The duo has also made headway with affiliate partnerships. While most style bloggers use a platform like RewardStyle or Skimlinks, which generate customised links that let bloggers earn commission on the items they write about, Bag Snob primarily works directly with the retailer or brand. “Our readers aren’t 12 years old, just commenting on Instagram,” Craig says. Bag Snob loyalists regularly make four-figure purchases via affiliate links and five-figure orders are not out of the question. Recently, one of Bag Snob’s affiliate partners received a $35,000 order through a link on SnobEssentials.com. “We aren’t aspiring to buy the bags or shoes we write about,” Craig says. “We are considered experts because we have spent over 20 years each collecting, dissecting and now, designing.”
Indeed, Craig and Cook have secured partners such as Lam and Valextra by ensuring the voice of the site remains playful, but honest and focused. “If we don’t like a bag, we tell [our readers] not to bother,” Craig says. While there are certainly rave reviews — such as a glowing post on Valentino’s $4,245 dragon-embroidered flap bag — the duo is also not afraid to post a story about “Five Bags to Avoid.”
The structure of Bag Snob’s business has changed as the nature of internet publishing has transformed. Taking the HSN Snob Essentials line out of the equation and just focussing on the core website business, affiliate partnerships — which used to make up the majority of sales — currently make up 20 percent of annual revenue, while sponsorships make up half. (The other 30 percent is remnant advertising.) “Before, it was all about linking,” Cook says. “Now, it’s about sponsored content.” Currently, the site publishes three to four sponsored stories a month, produced by the editorial team. “Our readers are looking for our voice, so we turn down opportunities that don’t make sense,” Craig says, but acknowledges that sponsored content is becoming increasingly important to the overall business. “We see a lot more sponsorship opportunities, but we want to do it in our own way,” she adds.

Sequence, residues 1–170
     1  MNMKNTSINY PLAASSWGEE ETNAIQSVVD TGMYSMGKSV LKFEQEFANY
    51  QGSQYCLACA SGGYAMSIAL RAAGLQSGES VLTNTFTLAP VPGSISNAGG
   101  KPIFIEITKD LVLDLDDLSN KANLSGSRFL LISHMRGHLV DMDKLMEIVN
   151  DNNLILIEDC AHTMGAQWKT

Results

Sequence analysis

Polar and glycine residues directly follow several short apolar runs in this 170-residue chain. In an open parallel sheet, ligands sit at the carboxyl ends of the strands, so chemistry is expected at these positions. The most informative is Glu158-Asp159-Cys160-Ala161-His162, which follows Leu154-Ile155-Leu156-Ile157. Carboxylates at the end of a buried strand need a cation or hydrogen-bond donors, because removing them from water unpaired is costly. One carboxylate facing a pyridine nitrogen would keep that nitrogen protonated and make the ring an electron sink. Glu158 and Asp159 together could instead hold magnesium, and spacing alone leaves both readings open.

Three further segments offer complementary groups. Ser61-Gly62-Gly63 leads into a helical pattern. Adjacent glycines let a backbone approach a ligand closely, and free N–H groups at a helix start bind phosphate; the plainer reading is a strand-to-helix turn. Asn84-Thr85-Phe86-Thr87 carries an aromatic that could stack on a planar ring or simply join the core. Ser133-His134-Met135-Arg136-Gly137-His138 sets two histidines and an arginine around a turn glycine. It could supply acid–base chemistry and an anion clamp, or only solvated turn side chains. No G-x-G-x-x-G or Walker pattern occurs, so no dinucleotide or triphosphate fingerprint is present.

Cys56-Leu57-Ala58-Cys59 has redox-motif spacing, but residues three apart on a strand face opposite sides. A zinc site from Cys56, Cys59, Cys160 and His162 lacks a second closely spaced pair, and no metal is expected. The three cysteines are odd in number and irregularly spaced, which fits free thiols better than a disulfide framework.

In 2013, the duo also transformed the structure of the actual site. While the “Snob” universe used to be made up of several different blogs — Bag Snob; Beauty Snob; Couture Snob — each channel now lives under the Snob Essentials moniker. “It was definitely the right choice,” Cook says of the decision to combine the blogs into one site. “It gives the reader a better experience. For us, it’s been really great because it opens up a lot of verticals that we’re not going to dedicate an entire site to, but that we can speak to.”
Now, with a staff of 10, the founders — who still post regularly — are focused on the future. “We’re raising money to do e-commerce in a really big way,” Cook says. “The plan is to go at a pace that is consistent with our strategy of controlled growth. Our readers want content and products that are personality driven, so we are very hands-on with every project. Once we can maintain the pace, we will expand.”
For now, they will offer exclusive designer collections each season, with a focus on perennial essentials that their readers can’t find anywhere else. But expect some big hires on the blog side, too. “Another focus is expanding our editorial team,” Cook says. “We’ve been able to do a lot on our own, but we’ve reached the point now where we could take it to the next level,” Cook says.
Adds Craig, “We’ve bootstrapped for 10 years.”